Kids who have failed to accomplish Key 1 could find it hard to deal with Key 2, which calls for advanced reading in grades 3-8.
In any case, here is MCPS spokesman Tofig’s response to Bernstein’s post:
The Seven Keys identify some of the indicators attained by students who have achieved postsecondary success but they are not—and never have been—a mandate. Students who attain all seven Keys increase their chances of being ready for college-level work, but missing a key does not close the door to college opportunities or possibilities. That’s very clear on the 7 keys website (http://www.montgomeryschoolsmd.org/info/keys/about.shtm).
As for K-2 reading, I think we would all agree that having a strong foundation in reading is extremely important and it is a worthy goal to have our students reading above grade level in their early years. But, again, this is a indicator, not a mandate.
The good news is that the percentage of students meeting the early reading indicator continues to rise. In 2011, 76 percent of our students were reading at Text Level 6—above grade level—by the end of kindergarten, up from 56 percent in 2006. For African American students, 72 percent of kindergarten students were reading above grade level by 2011, up from 50 percent in 2006. For Hispanic students, 56 percent of students are reading above grade level up from 38 percent in 2006. This isn’t because of the 7 Keys—this is because of a focused effort to improve student reading in early grades and providing extra resources to schools with high poverty rates.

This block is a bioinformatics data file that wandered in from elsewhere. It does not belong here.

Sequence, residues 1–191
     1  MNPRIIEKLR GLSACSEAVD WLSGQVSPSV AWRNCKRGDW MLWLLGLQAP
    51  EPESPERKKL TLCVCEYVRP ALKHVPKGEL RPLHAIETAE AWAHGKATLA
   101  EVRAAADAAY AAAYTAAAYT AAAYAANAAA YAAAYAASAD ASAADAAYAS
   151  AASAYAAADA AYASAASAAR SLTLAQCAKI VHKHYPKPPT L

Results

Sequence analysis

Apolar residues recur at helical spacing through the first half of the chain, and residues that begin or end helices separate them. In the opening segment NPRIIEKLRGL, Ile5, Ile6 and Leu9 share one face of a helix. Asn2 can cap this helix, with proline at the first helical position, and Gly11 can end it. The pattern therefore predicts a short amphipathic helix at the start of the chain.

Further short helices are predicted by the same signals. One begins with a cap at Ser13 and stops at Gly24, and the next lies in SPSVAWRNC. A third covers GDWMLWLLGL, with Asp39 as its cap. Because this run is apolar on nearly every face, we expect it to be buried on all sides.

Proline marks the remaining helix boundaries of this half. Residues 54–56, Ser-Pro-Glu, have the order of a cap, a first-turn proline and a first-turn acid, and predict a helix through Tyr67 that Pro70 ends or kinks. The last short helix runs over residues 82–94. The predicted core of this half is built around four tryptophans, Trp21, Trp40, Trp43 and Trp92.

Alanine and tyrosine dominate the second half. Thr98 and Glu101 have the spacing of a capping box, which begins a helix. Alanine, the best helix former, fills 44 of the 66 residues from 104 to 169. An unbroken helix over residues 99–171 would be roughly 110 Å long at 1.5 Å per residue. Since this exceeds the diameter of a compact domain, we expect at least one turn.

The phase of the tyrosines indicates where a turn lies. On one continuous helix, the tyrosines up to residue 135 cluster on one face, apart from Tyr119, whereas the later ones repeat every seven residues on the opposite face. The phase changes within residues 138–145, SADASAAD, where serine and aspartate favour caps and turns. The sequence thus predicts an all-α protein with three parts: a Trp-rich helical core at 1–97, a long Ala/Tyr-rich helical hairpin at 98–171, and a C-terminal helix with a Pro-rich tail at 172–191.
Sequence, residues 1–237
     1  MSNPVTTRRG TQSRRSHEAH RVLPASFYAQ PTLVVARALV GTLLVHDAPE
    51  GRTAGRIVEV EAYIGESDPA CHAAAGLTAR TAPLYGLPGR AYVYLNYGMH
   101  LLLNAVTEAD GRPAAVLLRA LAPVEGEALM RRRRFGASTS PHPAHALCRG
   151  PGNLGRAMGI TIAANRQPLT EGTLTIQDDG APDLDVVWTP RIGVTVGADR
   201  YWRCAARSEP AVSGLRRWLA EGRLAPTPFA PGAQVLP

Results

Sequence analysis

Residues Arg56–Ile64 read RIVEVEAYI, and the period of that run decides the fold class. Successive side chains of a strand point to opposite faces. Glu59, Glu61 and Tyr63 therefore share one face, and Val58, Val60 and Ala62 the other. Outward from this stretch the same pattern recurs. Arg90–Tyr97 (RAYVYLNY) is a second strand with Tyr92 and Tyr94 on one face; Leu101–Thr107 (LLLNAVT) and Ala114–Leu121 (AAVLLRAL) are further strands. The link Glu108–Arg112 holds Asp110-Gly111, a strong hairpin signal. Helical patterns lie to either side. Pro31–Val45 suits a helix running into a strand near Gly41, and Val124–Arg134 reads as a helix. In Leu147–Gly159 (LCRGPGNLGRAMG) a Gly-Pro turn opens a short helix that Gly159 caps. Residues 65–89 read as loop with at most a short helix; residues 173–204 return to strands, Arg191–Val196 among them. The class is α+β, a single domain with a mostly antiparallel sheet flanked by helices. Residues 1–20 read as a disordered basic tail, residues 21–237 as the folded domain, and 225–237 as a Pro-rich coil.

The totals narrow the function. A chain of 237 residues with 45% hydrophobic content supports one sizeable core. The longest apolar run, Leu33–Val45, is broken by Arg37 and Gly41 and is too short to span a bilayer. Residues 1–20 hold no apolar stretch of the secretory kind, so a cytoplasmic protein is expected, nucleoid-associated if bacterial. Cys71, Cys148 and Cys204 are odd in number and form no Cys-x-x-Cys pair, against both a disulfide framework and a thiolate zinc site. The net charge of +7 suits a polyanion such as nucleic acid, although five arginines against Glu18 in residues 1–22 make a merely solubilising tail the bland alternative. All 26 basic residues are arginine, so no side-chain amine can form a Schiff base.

As an aside, this is the second time that you have run a column by this gentleman that has contained a significant misrepresentation about what is actually required and what is not. The 7 Keys are not a mandate or requirement. Chemistry is not required in Maryland. You run columns by many well-respected experts on your blog. I’m not sure what expertise allows this gentleman to espouse his opinions in this valuable space.
Bernstein, a father of two boys, does say in this piece that the district is guilty of “shoving the seven down” the throats of students, but that is in the context of his opening paragraphs, which note that the keys are listed in classrooms throughout the district. Besides, my introduction to his piece says that the seven keys are simply “a pathway” to college readiness.
An earlier Bernstein post said that a school principal told him that his son had to take chemistry to get a high school diploma in Maryland. It turns out it isn’t a requirement, which I noted in a correction to the post as soon as I found out.
I publish a variety of guest posts — by teachers, principals, superintendents, researchers, students — with the intention of sparking a debate. Sometimes I agree with their views, sometimes I don’t. Sometimes mistakes are made, as are corrections.
I have applauded Starr in the past for speaking out against some of the harmful effects of school reform that insists on making standardized testing the most important assessment tool. The thoughtful superintendent is more than welcome to write for my blog any time. So is Dana Tofig.